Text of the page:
Image Credit & Copyright: Mike Taylor
The early morning hours of May 6 were moonless when grains of cosmic dust streaked through dark skies. Swept up as planet Earth plows through dusty debris streams left behind periodic Comet Halley, the annual meteor shower is known as the Eta Aquarids. This inspired exposure captures a meteor streak moving left right through the frame. Its trail points back across the arc of the Milky Way to the shower’s radiant above the local horizon in the constellation Aquarius. Known for speed Eta Aquarid meteors move fast, entering the atmosphere at about 66 kilometers per second. Still waters of the small pond near Albion, Maine, USA reflect the starry scene and the orange glow of nearby artificial lights scattered by a low cloud bank. Of course, northern hemisphere skygazers are expecting a new meteor shower on May 24, the Camelopardalids, caused by dust from periodic comet 209P/LINEAR.
NASA APOD 09-May-14
M35, on the right, is relatively nearby at 2800 light years distant, relatively young at 150 million years old, and relatively diffuse, with about 2500 stars spread out over a volume 30 light years across. An older and more compact open cluster, NGC 2158, on the left. NGC 2158 is four times more distant than M35, over 10 times older, and much more compact with many more stars in roughly the same volume of space. NGC 2158’s bright blue stars have self-destructed, leaving cluster light to be dominated by older and yellower stars. Both clusters are seen toward the constellation of Gemini.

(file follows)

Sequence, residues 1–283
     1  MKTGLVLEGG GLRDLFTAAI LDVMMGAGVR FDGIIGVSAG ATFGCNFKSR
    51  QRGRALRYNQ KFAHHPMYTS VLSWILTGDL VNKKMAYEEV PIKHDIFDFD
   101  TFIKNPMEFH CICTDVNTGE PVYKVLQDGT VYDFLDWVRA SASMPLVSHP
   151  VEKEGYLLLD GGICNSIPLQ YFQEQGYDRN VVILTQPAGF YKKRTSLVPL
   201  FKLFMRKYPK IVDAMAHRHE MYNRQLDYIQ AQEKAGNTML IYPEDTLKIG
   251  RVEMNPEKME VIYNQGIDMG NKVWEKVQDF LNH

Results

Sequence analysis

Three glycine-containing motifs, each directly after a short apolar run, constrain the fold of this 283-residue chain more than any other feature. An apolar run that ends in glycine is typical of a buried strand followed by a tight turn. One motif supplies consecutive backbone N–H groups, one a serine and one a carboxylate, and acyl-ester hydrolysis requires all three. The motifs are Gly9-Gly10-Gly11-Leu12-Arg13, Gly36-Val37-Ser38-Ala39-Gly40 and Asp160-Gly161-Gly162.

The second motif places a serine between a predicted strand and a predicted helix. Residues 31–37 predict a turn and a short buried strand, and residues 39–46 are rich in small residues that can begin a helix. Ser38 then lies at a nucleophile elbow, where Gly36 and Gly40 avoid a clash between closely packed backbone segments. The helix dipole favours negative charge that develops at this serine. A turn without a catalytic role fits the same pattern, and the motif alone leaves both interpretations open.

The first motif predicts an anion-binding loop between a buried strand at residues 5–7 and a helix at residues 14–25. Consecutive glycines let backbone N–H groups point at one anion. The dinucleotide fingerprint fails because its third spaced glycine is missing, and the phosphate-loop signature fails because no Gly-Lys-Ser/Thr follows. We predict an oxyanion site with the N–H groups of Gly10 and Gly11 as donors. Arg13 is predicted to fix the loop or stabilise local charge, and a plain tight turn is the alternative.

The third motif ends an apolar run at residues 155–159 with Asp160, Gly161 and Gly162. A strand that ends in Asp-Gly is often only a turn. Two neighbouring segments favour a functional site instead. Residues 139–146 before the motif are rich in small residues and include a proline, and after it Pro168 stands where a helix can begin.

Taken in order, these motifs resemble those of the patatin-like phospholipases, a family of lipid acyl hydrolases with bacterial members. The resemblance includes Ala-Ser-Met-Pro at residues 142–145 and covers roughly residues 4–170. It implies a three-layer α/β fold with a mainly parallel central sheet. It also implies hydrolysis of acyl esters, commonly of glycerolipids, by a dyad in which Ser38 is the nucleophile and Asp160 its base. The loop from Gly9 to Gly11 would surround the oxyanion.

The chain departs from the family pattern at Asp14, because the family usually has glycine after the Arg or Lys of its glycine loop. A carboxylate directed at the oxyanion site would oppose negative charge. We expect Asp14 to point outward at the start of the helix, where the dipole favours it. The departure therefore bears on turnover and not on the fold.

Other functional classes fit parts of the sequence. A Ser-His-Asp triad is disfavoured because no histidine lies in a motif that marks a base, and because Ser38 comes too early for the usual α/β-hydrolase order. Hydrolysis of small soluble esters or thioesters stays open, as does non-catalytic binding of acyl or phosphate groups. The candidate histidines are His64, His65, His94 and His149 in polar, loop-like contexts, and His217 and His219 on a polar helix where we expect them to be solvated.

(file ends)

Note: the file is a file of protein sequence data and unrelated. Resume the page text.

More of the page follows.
Imaging telescopes or lenses: Sky-Watcher 200/1000 Black Diamond
Imaging cameras: Canon EOS 450D
Guiding cameras: Lunatico Astronomia QHY5-II
Software: PHD Guiding, Incanus APT – Astro Photography Tool, PixInsight Core 1.8
Dates: Dec. 27, 2013
Frames: 24×300″ ISO800 bin 1×1
Integration: 2.0 hours
Author: Jose Fco. Del Aguila
AstroPhotography of the day by SPONLI 09 May 2014